The ultimate gearhead bucket-list car show and event guide for 2019

If you’re like the Roadshow editorial team, you’ve got a pretty deep “bucket list” of automotive experiences you’re keen to check off. For most of people, it’s not possible to tick more than one or two boxes a year — if that — but you’ve got to start somewhere. Why not start with us? 

Here’s our list of must-do car events that take place annually right here in the US. So if you can’t make it this year, maybe you can put one or more of your favorites on the map for a future one. Whether you’re a motorsports fan, a vintage car buff, a budding collector, an off-roader or just want more automotive experiences, this list has you covered from name-brand icons to The New Hotness.

Endurance racing in the wee hours of the morning is its own reward. That firework back there is actually the ferris wheel.

Stephan Cooper/Rolex

Rolex 24 at Daytona: Jan. 26-27

Since it kicks off this weekend, we’ll start with the Rolex 24 at Daytona, the granddaddy of American endurance races that started in 1962. This all-day, all-night spectacular takes place at the Daytona International Speedway on the facility’s full road course. 

With four classes of racing, from Daytona Prototype International purpose-built race cars to production-based GT Le Mans (GTLM) cars, there’s something at the Rolex 24 for everyone. Even if you’re not a motorsports buff, there’s plenty to do and see, including the infield camping scene, which is not to be missed. Attend just once and you’ll realize that this isn’t just a race, it’s a cultural phenomenon.

Don’t miss: Ride the ferris wheel for a great view.

King of the Hammers features gnarly rock climbing sections like this, but also flat-out desert racing sections, too.

Nicolas Stevenin/King of the Hammers

King of the Hammers: Feb. 8

Held in distant Johnson Valley, California, King of the Hammers has long billed itself as the “toughest one-day off-road race in the world.” In fact, KOH has grown to be a weeklong series of five races that combines desert racing and rock crawling. 

Now in its 13th year, King of the Hammers draws tens of thousands of spectators to Hammertown, essentially a pop-up city in the middle of a dry lake bed in the High Desert (you can see a drone’s-eye view of this Burning Man for gearheads in the background photo above). In addition to various classes of off-road rigs including tube-frame buggies, SUVs, UTVs (side-by-sides) and motorcycles, this year’s event is adding unlimited desert truck racers, too, with celebrity off-road drivers such as Robby Gordon and Rob MacCachren at the wheel.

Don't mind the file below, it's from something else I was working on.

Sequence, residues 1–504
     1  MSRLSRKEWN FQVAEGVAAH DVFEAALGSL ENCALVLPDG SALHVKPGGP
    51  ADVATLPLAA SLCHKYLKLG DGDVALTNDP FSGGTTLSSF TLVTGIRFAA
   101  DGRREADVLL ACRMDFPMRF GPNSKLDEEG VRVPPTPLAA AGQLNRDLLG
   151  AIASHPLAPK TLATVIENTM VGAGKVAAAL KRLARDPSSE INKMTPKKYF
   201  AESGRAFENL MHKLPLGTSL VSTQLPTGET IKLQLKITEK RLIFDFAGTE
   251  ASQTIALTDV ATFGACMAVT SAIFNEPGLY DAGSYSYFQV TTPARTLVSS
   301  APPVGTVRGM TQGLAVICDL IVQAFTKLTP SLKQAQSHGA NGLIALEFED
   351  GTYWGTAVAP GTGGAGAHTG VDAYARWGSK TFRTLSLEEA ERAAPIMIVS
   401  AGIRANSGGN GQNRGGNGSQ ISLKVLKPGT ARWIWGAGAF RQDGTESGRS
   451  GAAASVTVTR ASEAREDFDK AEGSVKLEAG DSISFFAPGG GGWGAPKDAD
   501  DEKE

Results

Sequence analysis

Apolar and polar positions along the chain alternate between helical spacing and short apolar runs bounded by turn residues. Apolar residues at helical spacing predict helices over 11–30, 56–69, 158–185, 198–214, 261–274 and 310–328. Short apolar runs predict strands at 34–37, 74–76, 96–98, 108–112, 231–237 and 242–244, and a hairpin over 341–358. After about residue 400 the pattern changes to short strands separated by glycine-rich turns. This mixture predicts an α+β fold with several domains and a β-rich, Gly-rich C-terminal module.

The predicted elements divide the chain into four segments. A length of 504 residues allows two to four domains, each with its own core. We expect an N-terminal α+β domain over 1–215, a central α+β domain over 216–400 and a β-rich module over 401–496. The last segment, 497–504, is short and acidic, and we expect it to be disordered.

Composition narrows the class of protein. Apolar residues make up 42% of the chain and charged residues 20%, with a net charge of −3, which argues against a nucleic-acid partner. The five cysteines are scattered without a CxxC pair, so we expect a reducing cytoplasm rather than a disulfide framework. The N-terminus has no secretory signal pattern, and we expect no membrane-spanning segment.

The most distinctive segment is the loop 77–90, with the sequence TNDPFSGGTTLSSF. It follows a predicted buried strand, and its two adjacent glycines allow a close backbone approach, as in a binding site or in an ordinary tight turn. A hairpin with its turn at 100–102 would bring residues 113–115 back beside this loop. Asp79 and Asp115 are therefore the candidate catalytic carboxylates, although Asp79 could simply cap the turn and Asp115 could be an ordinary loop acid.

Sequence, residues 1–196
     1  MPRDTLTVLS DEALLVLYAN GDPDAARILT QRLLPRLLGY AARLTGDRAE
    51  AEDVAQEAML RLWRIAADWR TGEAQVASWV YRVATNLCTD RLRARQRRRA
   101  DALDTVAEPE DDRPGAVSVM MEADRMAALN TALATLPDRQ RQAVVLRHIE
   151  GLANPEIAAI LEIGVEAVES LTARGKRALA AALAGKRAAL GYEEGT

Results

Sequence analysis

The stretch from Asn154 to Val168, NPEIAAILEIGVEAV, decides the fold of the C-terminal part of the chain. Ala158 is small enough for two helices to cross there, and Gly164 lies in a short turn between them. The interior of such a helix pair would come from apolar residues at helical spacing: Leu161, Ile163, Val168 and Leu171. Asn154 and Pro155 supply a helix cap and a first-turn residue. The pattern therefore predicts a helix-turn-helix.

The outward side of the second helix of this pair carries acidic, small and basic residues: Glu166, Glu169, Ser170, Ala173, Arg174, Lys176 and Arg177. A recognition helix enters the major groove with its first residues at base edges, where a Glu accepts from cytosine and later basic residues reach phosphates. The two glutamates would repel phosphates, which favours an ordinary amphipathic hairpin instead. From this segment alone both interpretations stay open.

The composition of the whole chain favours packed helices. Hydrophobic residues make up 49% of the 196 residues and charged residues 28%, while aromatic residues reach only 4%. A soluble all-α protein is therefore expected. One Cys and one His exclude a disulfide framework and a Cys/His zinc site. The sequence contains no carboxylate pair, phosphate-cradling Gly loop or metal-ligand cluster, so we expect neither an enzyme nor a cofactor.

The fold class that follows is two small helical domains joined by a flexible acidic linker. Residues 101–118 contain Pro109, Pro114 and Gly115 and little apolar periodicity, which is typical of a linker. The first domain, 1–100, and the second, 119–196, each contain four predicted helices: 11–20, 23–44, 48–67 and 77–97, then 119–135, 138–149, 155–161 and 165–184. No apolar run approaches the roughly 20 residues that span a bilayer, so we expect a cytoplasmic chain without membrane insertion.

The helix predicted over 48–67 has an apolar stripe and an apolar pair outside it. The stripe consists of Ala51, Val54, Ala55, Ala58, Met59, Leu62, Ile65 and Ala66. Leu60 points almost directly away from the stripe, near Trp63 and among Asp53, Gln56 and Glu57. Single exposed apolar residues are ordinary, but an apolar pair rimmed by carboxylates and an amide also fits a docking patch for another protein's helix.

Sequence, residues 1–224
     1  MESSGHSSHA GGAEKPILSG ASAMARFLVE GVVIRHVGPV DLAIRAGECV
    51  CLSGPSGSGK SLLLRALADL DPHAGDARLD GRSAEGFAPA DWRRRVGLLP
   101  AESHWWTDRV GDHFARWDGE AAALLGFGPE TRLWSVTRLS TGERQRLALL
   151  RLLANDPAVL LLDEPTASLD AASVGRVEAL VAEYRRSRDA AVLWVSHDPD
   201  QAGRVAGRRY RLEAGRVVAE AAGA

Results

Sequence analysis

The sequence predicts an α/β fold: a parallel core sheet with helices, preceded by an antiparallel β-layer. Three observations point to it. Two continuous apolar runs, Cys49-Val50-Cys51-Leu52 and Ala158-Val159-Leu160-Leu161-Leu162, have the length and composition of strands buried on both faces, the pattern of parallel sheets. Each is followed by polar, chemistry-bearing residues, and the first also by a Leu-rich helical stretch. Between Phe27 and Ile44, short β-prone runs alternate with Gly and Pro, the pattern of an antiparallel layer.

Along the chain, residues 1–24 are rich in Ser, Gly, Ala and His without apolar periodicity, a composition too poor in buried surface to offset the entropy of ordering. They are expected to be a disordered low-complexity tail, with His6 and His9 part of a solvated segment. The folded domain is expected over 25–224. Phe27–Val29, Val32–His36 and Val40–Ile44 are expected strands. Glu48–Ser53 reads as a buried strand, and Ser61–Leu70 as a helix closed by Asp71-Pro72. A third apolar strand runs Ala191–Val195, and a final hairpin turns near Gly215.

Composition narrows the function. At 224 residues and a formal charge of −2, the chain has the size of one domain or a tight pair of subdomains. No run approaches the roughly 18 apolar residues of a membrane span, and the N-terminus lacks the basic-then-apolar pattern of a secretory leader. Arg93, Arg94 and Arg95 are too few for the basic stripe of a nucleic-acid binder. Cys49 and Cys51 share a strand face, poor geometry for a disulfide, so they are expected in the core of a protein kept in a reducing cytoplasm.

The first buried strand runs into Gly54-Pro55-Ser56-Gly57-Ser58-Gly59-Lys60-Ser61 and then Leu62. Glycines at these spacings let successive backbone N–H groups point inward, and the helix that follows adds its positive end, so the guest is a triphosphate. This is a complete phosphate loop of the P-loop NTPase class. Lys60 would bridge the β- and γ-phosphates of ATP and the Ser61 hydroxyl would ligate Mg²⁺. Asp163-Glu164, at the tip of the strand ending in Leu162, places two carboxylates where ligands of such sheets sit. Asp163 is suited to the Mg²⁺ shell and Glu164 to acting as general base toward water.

Over 400 racers are expected, with the namesake King of the Hammers race lasting some 200 miles. The course must be completed in under 14 hours, and there are no chase vehicles allowed. All repairs — and they’re hardly uncommon — must be carried out on course by the racers themselves, or in designated pit areas. 

This race is tough, but spectating is demanding, too, as it involves camping in the desert in the middle of winter. You’ll need an RV or camper stocked with plenty of supplies, and you’ll also need to be OK with limited connectivity.

Don’t miss:  On Saturday morning after the awards ceremony, you can join a guided drive along the race course with the KOH Experience 2019. Just make sure you’re a veteran off-roader and have a serious trail-ready rig (35-inch tires and locking differentials are all but mandatory).

“I think this photo encompasses the show in one visual,” says Radwood cofounder Bradley Brownell.

Lane Skelton/Radwood

Radwood Austin: Feb. 23

Radwood, the 1980s and ’90s-themed car show, only kicked off in 2017, but its popularity is mushrooming, and it’s easy to see why. Focused on automobiles produced from 1980-1999, Radwood doesn’t just celebrate rare and expensive cars that are starting to acquire neo-classic status. No, the show doesn’t take itself seriously enough for that. Instead, Radwood wholeheartedly embraces time warp examples of workaday iron as well as period custom cars and individually imported “forbidden fruit” from Japan and Europe. In other words, the weirder the better.

What started off as one show in the Bay Area in 2017 has quickly snowballed into a national calendar of shows, so chances are getting better that there’s a Radwood show headed to a city near you — we just attended one in LA last month.

Displaying your 1980-1999 car or truck at the show is inexpensive and general admission is reasonable, too. The next show is in Austin, Texas on Feb. 23, followed by Sonoma, California on March 9. 

Don’t miss: Period-appropriate attire is encouraged, so this is your best excuse to dust off the Hypercolor t-shirt and Zubaz sweatpants you’ve been saving in that box in the basement.

Last year’s Indy 500 was the 102nd running of this legendary race.

Dan Sanger/Icon Sportswire via Getty

Indianapolis 500: May 26